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Training the Choir to Watch

The only way to learn how to do anything, other than by divine revelation, is to practice, practice, practice. Even professional choirs have to be reminded to watch and respond to the conductor's gestures; for a parish choir, it's a constant crusade. Here are some tips and tactics I've found effective. Let's get right into it!

  1. Make sure the choir can see your hands. I'm not being flippant! Depending on the size and arrangement of your kliros, some singers may have trouble seeing you, particularly if you're on the shorter side of tall. If you stand facing the choir, it's a simple matter of standing on a podium (makeshift or otherwise) if you need to. However, if you conduct facing east, standing in the middle or on one end of the choir, it's a bit trickier. This can work well with a small choir, but if you have more than three people singing (including yourself), I wouldn't recommend standing in a straight line, because then the people on the ends won't easily be able to see you and the music simultaneously. I've had success with a deeply curved crescent, which makes me visible to all the singers.

  2. Run tempo drills in rehearsal. Pick a piece the choir knows well, and run through it several times, changing the pacing, rubato and dynamics each time. I tell them why I'm doing it, too. I'm a big believer in explanations; the choir needs to know what we're doing and why. If they're not following you, stop, point out the error, and try again.

  3. Don't cave in! This is another biggie. I absolutely, categorically refuse to go along with the choir when they're dragging. It sets a terrible precedent. If that means a few people sound really off for a measure or two, so be it. They might feel a bit silly for a moment (we've all been there!), but that can be good motivation to pay more attention going forward. An important note about singer embarrassment: whenever someone makes an obvious mistake, particularly in a service, they're likely to feel a twinge of embarrassment. I make it a point to smile at them and try to give some kind of gesture that conveys "It's okay; no worries". It's super important not to have an angry or frustrated expression on your face. This is critical. If you convey anger or frustration even once a month, you're going to have alienated singers and, eventually, attrition. (This is hard sometimes. The phrase "herding cats" comes to mind. Ha!)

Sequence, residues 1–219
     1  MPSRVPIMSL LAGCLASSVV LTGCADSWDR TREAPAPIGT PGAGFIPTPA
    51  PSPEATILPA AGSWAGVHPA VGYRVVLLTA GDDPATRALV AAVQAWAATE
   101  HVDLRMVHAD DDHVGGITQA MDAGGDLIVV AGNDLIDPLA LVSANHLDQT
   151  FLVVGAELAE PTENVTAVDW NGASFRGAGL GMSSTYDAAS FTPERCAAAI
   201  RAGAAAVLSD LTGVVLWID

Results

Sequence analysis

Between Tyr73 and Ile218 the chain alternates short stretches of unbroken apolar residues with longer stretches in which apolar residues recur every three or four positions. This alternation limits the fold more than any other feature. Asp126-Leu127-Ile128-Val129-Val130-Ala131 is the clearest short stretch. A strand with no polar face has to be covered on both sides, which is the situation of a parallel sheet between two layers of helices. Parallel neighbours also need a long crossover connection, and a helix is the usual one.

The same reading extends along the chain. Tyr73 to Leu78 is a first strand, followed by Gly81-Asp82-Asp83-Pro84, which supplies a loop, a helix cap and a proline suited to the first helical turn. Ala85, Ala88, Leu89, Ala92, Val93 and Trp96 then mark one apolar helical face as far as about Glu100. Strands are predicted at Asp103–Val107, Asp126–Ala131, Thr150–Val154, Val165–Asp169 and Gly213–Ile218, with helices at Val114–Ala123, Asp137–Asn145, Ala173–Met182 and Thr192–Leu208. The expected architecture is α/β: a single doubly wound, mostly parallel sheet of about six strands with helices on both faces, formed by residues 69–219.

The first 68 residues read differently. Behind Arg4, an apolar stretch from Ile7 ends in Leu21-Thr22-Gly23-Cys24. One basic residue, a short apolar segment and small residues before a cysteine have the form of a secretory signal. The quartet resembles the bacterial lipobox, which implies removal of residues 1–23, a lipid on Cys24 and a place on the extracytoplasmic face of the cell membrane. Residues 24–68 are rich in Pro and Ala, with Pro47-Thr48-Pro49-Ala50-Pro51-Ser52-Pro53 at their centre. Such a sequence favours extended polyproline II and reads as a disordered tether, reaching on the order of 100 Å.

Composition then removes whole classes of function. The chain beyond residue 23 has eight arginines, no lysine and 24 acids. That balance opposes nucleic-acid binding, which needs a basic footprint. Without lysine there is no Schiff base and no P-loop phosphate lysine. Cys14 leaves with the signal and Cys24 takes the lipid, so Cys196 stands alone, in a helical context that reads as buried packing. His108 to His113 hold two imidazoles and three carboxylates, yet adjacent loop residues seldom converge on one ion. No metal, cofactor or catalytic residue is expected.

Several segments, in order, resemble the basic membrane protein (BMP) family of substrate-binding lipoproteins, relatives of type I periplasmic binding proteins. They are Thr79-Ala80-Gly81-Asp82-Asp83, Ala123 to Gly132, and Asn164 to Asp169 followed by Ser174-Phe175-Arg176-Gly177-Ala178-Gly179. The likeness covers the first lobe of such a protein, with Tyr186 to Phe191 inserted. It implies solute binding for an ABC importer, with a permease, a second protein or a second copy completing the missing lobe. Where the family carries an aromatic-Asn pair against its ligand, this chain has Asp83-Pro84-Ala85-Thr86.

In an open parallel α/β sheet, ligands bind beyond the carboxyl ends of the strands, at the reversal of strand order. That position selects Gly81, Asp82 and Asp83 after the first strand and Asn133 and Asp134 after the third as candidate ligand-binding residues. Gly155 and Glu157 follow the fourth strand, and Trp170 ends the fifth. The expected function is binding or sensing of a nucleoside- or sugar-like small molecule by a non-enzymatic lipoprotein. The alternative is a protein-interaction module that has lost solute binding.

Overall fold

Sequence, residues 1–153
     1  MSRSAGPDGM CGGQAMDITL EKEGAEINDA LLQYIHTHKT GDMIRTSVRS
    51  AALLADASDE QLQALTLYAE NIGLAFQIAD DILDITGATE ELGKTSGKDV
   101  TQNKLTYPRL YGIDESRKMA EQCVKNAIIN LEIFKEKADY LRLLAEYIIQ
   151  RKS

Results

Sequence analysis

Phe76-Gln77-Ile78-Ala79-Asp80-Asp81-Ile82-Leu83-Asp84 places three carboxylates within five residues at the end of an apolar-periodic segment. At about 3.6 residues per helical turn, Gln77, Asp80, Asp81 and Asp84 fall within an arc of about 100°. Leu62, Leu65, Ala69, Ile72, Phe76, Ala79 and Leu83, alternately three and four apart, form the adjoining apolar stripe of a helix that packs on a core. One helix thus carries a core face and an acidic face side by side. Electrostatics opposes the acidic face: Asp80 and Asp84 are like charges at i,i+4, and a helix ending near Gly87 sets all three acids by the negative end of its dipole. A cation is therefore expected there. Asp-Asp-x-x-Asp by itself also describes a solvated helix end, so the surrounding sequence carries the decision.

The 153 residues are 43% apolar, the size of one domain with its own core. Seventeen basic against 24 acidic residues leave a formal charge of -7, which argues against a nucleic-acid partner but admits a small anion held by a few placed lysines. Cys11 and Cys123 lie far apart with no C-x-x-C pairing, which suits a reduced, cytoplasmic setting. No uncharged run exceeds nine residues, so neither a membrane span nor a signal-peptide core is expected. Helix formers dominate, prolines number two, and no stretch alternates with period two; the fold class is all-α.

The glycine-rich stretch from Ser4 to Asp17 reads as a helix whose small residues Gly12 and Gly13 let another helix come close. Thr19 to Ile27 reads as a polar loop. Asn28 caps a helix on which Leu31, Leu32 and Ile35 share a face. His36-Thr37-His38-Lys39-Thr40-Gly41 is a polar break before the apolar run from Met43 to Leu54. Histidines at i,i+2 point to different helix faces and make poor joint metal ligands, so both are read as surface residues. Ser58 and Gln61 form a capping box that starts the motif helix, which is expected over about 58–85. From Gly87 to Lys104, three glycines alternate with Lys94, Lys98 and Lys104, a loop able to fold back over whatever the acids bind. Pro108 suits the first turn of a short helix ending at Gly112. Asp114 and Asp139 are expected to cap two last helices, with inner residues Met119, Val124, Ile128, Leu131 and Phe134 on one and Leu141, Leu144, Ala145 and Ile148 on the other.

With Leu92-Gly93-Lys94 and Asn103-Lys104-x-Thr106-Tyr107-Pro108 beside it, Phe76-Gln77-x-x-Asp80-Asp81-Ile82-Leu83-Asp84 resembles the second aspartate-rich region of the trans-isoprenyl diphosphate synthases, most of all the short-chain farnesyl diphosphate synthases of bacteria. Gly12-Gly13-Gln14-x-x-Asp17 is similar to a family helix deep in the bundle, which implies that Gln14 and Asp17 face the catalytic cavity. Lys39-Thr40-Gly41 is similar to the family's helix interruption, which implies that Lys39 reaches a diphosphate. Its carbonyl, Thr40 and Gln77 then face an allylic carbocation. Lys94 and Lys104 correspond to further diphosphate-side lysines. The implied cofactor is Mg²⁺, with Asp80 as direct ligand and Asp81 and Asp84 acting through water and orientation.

I want to briefly touch on congregational singing here — and the effect it has on tempo if you're not careful. Whenever a group of people sing together solely by ear (that is, without a conductor), they will invariably slow down. This is because the singers are following the beat, rather than anticipating it. This means they're relying solely on their ears — hearing the beat and then quickly jumping in, a microsecond behind the true beat. Over time, this slows the singing down. In order to keep a congregation in tempo, the director must act as a human metronome, with no allowance for rubato or gradual tempo changes. Ever wonder why Protestant/Catholic hymns never feature tempo changes? This is why. The organist has to be a metronome.

What this means for Orthodox parishes is that if there is any congregational singing, the director has to really stick to their guns on the tempo, and the choir has to stick with the director without paying attention to the congregation. This is often very difficult for untrained singers, so it's wise to discuss this in rehearsal. More on congregational singing in a future entry.

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